Almost every day there are reports of attempts to reduce the flood of plastic. Often the fruit and vegetable trades are in the crossfire. Something has to be done, people in the industry agree - but what? Some possible options were discussed earlier this month at the first European Packaging Forum in Düsseldorf. Numerous experts traveled there to inform visitors about topics such as Recycling, Marketing and environmentally sound alternatives. FreshPlaza was there.
Is cardboard the only alternative?
If you think about reducing packaging waste, many paper and cardboard come to mind as a more natural alternative. However, these are not the only options, emphasize several speakers.
Dr. Melanie Kröger (University for Sustainable Development Eberswalde) & Elke Jahn (Interseroh Pool-System)
Dr. Melanie Kröger, from the University for Sustainable Development Eberswalde, is working on the Unverpackt project. She presented the social science framing of the "unpackaged" phenomenon: The more than 120 "unpackaged" shops are said to be a "change agent" and a positive example for the reduction of plastic waste. According to Kröger, Germany would be the in third place of the countries in Europe with the most packaging waste. "These stores are a niche, but trendy, and are visited by different consumer groups, and they also inspire others: many health food stores and supermarkets now offer areas of bulk goods." In Germany, these shops are often still owner-managed, in France, for example, there already is a real franchise system. The concept works - although for the time being only on a small scale and mainly for dry goods.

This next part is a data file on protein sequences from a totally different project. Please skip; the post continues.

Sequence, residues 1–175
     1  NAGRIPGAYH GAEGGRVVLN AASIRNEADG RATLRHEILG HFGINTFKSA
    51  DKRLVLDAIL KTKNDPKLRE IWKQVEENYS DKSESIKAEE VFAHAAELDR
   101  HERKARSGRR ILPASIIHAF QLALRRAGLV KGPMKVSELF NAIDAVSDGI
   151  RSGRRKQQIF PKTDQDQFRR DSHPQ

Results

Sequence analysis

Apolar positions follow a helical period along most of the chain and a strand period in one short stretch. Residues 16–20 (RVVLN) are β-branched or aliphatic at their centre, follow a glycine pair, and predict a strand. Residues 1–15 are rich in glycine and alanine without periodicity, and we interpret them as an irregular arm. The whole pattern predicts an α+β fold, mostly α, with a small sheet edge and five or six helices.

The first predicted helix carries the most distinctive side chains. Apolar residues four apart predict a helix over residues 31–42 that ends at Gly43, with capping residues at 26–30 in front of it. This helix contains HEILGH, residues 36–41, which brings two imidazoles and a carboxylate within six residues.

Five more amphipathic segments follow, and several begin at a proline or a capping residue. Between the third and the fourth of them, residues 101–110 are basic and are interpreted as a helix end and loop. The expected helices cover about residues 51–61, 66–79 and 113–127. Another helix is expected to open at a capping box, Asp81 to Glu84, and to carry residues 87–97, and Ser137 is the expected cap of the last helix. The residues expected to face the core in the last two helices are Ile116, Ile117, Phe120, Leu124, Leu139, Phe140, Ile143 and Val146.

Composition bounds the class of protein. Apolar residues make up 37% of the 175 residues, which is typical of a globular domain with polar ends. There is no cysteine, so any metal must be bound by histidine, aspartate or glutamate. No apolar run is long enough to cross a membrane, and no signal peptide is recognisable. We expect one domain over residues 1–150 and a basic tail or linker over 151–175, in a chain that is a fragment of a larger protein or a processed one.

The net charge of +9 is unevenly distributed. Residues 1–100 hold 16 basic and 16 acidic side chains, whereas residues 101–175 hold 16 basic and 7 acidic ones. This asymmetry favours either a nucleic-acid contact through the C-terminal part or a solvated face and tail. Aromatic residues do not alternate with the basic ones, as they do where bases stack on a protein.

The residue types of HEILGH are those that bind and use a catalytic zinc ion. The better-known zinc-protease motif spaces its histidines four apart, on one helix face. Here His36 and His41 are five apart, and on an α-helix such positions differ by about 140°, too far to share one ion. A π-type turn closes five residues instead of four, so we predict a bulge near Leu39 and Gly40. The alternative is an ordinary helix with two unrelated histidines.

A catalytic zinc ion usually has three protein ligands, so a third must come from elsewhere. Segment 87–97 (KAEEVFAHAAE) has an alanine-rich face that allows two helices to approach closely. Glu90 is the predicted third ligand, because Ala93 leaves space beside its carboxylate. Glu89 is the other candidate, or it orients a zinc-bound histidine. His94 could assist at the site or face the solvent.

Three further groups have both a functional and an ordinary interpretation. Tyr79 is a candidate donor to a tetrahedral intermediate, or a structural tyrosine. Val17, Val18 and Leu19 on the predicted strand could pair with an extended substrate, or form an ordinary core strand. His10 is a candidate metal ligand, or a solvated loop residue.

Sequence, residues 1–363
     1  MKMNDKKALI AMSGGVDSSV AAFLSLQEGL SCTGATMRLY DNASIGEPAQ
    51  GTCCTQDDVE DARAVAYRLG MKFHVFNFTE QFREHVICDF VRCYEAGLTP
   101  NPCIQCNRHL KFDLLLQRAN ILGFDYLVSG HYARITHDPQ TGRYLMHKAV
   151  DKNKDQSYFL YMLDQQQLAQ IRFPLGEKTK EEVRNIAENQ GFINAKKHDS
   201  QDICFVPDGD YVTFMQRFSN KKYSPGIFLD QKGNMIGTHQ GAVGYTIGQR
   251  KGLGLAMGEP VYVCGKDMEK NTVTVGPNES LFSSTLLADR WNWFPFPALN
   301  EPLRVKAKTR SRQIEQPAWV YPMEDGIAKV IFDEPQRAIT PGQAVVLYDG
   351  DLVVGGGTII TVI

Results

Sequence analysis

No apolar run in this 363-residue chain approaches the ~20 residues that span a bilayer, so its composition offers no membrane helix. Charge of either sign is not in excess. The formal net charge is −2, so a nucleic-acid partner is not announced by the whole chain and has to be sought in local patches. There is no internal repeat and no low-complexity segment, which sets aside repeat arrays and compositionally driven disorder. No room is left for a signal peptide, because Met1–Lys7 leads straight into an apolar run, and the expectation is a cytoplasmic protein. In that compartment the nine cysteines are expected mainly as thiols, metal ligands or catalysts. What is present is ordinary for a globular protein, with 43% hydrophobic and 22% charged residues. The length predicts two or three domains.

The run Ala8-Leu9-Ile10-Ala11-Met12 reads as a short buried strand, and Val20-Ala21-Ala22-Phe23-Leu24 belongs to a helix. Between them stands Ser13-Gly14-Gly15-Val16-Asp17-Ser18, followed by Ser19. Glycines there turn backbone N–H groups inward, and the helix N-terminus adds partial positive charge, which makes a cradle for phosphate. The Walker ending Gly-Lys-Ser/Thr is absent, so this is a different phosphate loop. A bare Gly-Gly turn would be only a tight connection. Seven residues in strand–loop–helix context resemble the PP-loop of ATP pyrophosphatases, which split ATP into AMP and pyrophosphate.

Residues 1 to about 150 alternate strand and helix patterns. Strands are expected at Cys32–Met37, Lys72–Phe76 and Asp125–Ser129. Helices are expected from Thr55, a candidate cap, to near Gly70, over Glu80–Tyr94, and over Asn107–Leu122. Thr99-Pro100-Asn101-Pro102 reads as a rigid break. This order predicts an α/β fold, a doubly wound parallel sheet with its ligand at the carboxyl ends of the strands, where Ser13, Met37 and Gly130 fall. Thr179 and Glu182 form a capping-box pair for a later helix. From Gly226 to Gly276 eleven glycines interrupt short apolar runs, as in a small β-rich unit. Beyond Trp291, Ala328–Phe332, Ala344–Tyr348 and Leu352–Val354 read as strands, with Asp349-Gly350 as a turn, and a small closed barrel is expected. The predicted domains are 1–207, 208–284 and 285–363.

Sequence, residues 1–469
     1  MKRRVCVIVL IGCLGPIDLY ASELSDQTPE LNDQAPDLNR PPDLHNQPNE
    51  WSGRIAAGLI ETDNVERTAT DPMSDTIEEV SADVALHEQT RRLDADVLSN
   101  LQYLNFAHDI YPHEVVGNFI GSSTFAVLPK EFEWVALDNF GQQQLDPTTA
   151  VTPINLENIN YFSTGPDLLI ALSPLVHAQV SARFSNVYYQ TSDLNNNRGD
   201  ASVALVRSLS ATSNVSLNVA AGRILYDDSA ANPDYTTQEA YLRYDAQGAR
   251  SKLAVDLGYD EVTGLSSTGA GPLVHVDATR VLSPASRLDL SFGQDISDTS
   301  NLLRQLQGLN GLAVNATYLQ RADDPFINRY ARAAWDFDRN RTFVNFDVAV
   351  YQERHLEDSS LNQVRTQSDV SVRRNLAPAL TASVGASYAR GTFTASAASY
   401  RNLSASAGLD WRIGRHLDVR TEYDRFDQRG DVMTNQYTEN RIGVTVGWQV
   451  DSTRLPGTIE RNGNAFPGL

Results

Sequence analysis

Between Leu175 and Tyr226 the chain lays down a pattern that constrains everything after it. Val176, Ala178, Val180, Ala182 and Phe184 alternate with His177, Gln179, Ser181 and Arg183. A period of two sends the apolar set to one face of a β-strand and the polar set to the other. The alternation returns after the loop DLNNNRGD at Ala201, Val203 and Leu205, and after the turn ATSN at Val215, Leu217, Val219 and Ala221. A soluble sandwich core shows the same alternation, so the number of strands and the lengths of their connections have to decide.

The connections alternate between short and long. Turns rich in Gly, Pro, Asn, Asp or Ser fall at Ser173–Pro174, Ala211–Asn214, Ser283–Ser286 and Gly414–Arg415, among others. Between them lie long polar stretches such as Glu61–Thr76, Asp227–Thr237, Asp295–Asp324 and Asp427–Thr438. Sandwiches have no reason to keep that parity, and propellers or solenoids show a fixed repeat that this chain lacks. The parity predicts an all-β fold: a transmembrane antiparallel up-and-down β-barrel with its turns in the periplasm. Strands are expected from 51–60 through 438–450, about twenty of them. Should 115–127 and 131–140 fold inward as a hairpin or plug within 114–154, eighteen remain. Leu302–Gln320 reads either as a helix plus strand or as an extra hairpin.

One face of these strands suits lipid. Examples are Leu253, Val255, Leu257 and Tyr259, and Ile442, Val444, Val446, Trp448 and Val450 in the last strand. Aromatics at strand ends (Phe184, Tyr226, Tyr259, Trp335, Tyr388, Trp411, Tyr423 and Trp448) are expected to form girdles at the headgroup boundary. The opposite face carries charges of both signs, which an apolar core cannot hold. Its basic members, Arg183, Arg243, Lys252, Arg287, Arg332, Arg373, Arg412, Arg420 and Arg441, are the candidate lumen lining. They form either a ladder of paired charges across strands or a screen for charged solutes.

(Not) on the wrong track
In many presentations and discussions, Uwe Groll, of the GROW Association for Environmentally Friendly Wood Packaging eV, saw how important the role of wooden crates could really be: "I often thought today: go for wood; you will have solved your problems", he jokes at the beginning of his breakout session. "Wood, regionality and honesty are in demand - our packaging combines all that. It's a naturally renewable raw material that uses only solar energy and rainwater to make it, and the wooden crates are reusable and recyclable."
Dr. Hans-Christoph Behr (AMI) and Uwe Groll (Grow e.V.)
But wood is not only socially beneficial. It has been scientifically proven that wood packaging has a positive effect on the goods: Florence Aviat, of YouR-ResearcH, has been extensively involved with wood as packaging material and briefly presented her findings to the audience.
Dr. Florence Aviat, YouR-ResearcH
"The most ecological paper worldwide on an industrial scale"
In the intermediate step between plastics and all-natural wood packaging, Uwe D'Agnone found his grass paper: Grass (for example, from compensation areas or golf courses) is dried without chemical treatment and then it is pressed into pellets. These can, according to the entrepreneur, be used directly and without additional investment for paper production. "We need almost no water and only one-tenth of the energy needed to make wood fiber paper, and on an industrial scale we have the most ecological paper in the world." He is now allowed to supply almost all retailers in Germany with fruit and vegetable trays from his material and offers a large selection of (hydrophobic) products.
Uwe D'Agnone, Creapaper GmbH
The lecture series clearly showed that packaging is not always dispensable, but that there are alternative options. All in all, the many representatives of the industry were satisfied with the event: they found new ways of thinking and made contacts for the future. Many will return next year.